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Are DUI Checkpoints Legal?

Are DUI Checkpoints Legal?

4th Amendment and DUI checkpointsDUI checkpoints in fact are a violation of the 4th Amendment to the United States Constitution which protects us from unwarranted or arbitrary searches and seizures.  The US Supreme Court acknowledged as much in Michigan Dept. of State Police v. Sitz (1990).  However, Chief Justice Rehnquist, writing for the majority, argued that the state interest in reducing the number of impaired drivers outweighed the infringement, and that Sobriety Checkpoints were in fact effective and necessary.  They are legal in Florida by statute (483) but 12 states have made these checkpoints illegal in spite of the US Supreme Court decision.  Just like Miranda warnings and DUI arrests, this is a gray area of the law and may be a point of law that works in a defendant’s favor.

Because of the controversy concerning the 4th Amendment, DUI checkpoints have to be administered under strict procedures so that a driver’s constitutional rights are not violated.  These procedures were not created by the Supreme Court but by the National Highway Traffic Safety Administration.  Here are some of their guidelines for states to follow in creating DUI checkpoints:

  • The DUI Roadblocks / Sobriety Checkpoints must be part of a continuous program whose principal purpose is to deter driving under the influence
  • The local judicial system should be in support of the method
  • Before the Roadblock / Checkpoint event, proper procedures must be established for how it will be executed
  • If the Roadblock / Checkpoint time, location, or process and procedures are altered, they should be well documented
  • The Roadblocks should be strategically selected for reasons of public safety, and for a specific goal – such as reducing DUI accidents in a particular high volume area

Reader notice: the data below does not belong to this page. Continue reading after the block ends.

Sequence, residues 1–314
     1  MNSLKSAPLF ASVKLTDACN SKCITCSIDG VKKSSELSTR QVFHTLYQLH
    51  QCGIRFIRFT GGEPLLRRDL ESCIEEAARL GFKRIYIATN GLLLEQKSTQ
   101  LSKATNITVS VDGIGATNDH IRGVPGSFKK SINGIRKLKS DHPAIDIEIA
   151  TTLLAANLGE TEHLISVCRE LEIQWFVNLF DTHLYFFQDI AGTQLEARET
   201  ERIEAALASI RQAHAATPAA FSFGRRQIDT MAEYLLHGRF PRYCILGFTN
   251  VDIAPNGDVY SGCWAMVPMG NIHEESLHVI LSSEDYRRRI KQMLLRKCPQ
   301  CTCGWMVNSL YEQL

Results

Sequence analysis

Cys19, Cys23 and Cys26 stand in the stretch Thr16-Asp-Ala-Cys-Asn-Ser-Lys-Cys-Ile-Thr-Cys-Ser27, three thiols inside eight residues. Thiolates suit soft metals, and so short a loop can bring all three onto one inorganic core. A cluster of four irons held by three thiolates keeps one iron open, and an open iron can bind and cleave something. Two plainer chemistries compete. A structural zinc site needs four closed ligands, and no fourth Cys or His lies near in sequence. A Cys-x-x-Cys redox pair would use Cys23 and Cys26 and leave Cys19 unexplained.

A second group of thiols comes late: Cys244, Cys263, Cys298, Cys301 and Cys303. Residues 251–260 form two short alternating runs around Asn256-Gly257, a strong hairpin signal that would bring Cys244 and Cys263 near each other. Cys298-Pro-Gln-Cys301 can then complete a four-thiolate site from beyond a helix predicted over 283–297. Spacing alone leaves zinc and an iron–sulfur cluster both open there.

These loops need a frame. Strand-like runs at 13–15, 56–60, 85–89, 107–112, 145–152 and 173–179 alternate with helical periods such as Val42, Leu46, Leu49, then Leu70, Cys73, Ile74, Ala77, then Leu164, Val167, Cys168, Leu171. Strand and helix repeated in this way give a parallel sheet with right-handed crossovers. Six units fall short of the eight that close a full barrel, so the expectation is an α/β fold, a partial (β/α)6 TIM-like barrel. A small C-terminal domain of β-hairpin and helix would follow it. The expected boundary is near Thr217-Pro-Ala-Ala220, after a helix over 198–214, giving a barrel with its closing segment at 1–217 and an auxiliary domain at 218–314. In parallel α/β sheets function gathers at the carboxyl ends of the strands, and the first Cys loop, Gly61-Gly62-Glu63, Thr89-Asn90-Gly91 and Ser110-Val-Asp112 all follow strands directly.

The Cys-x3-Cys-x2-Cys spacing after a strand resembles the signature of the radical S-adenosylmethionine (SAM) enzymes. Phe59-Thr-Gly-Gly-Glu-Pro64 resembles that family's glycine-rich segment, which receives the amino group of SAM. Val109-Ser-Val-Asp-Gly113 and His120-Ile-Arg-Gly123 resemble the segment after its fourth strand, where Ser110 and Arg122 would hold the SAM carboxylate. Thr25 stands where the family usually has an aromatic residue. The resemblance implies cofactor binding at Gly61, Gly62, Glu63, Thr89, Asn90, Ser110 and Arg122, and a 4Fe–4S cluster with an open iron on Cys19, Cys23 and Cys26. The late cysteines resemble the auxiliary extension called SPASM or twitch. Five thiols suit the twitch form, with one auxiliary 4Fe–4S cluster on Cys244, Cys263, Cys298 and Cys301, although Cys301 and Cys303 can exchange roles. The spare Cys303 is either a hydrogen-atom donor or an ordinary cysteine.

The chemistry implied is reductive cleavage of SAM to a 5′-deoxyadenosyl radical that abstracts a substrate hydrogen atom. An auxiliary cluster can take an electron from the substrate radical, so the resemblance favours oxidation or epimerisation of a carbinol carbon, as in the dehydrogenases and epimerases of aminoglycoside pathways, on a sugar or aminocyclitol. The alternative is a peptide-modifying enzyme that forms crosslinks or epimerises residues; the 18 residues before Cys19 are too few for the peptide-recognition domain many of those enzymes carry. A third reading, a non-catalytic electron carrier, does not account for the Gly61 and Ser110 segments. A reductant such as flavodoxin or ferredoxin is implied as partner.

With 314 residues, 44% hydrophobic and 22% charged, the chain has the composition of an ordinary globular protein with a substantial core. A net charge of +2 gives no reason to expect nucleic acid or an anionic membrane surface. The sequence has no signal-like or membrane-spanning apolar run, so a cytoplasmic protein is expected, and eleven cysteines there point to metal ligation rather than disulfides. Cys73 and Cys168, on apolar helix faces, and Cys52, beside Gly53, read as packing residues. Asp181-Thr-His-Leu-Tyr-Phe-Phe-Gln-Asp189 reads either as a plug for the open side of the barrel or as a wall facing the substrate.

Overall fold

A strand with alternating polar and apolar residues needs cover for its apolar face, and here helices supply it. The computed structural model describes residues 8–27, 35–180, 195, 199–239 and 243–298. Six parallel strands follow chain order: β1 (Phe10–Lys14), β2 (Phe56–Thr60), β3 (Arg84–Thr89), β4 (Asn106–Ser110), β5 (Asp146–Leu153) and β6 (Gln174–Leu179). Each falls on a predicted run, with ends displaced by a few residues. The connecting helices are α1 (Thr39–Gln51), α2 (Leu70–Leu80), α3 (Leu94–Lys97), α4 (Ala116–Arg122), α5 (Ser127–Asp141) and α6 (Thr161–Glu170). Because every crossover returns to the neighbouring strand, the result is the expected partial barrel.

• Advance warnings should be given to drivers that a Roadblock will occur
  • Demarcations of the Roadblock / Checkpoint should be obvious to alert drivers that they approaching a Checkpoint
  • Law Enforcement should make their presence clearly known
  • Drivers suspected and arrested for Driving Under the Influence should be taken for DUI chemical testing within a reasonable amount of time
  • The Roadblock / Checkpoint must not interfere with the flow of traffic
  • The Roadblock / Checkpoint should not distract other drivers
  • The Roadblock / Checkpoint must be arranged such that drivers may avoid the Checkpoint
  • Properly trained law enforcement officers must perform all DUI investigations
  • The process and procedure that law enforcement plan to use at the Roadblock / Checkpoint for DUI investigations must be established in advance
  • The process and procedure must be uniformly applied
  • Drivers stopped at the Roadblock / Checkpoint should be asked for feedback

Additionally, police officers can’t randomly select drivers drivers to be checked based on age, race, or ethnicity.  They may create procedures by which they stop, for example, every 5th vehicle.

If you’ve been charged with DUI during a checkpoint investigation, it’s imperative to speak with a Florida DUI lawyer immediately to ensure your constitutional rights have not been violated. If it can be proved that law enforcement did not appropriately follow the specific guidelines in place, a Motion to Suppress can be filed, and if granted can eliminate any evidence obtained at the DUI Roadblock / Sobriety Checkpoint, often resulting in a dismissal of the case.

 

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